The Second Edition of An Applied Guide to Research Designs offers researchers in the social and behavioral sciences guidance for selecting the most appropriate research design to apply in their study. Using consistent terminology, the authors visually present a range of research designs used in quantitative, qualitative, and mixed methods to help readers conceptualize, construct, test, and problem solve in their investigation. The Second Edition features revamped and expanded coverage of research designs, new real-world examples and references, a new chapter on action research, and updated ancillaries.
Grounded Theory Perspective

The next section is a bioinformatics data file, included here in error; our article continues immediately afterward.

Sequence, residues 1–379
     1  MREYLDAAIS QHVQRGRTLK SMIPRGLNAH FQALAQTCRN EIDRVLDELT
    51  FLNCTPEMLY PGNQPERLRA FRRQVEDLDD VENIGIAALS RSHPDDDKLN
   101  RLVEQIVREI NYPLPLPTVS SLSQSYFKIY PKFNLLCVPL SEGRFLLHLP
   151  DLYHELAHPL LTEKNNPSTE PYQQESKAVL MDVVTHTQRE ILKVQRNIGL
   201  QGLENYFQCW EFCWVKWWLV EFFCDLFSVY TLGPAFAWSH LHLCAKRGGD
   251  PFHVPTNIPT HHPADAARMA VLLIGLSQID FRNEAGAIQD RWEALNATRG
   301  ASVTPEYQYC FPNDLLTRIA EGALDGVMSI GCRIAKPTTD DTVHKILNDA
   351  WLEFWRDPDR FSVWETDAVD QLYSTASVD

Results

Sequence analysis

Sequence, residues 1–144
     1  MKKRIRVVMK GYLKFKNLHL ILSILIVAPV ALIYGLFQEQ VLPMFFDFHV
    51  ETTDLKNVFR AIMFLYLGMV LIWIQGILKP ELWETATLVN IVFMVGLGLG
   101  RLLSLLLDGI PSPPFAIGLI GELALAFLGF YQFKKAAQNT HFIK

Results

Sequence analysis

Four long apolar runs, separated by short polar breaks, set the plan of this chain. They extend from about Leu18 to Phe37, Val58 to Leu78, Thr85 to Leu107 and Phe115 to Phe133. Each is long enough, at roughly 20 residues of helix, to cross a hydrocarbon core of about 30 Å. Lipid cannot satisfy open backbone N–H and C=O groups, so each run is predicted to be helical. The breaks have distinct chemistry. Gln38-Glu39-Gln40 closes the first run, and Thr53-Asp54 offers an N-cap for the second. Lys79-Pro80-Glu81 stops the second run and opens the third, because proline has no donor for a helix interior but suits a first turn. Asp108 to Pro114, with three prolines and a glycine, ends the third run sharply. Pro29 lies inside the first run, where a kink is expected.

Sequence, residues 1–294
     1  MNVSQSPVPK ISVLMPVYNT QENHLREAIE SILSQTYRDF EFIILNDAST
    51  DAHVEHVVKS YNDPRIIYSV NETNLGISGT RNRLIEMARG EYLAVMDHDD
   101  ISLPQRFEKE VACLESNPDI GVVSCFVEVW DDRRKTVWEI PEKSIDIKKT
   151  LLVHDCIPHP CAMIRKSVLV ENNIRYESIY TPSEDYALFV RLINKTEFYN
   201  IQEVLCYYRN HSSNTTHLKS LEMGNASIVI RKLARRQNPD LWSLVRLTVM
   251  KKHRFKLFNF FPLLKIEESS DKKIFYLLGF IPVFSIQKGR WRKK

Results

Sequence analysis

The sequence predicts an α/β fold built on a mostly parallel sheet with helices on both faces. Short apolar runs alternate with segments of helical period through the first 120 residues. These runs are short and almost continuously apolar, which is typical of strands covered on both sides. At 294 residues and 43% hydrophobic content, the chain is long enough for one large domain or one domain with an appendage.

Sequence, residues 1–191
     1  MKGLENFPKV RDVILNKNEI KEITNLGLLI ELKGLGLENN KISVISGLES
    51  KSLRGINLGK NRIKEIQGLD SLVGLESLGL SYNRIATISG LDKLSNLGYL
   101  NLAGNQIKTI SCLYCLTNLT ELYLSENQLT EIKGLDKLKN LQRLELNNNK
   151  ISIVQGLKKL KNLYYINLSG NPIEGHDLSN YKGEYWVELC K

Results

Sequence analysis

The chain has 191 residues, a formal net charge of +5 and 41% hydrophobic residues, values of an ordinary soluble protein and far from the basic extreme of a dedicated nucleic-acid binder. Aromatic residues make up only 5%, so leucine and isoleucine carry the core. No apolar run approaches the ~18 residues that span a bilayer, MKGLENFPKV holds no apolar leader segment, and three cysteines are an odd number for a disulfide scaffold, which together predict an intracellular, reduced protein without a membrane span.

The grounded theory approach was first developed by Glaser and Strauss (1967) as a way to generate a theory based on data that are systematically gathered and analyzed. In general, this is an inductive process in which the theoretical propositions are not presented a priori; rather, the theory emerges from the data that are being collected. However, this process often becomes abductive, with testing of the theory occurring as it emerges from the data. The emerging theory is constantly being compared to the evidence brought forth from new data that are analyzed, as in the “constant comparative method.” The use of memoing (i.e., the process of recording the personal thoughts and ideas of the researcher throughout the data collection procedures) is ...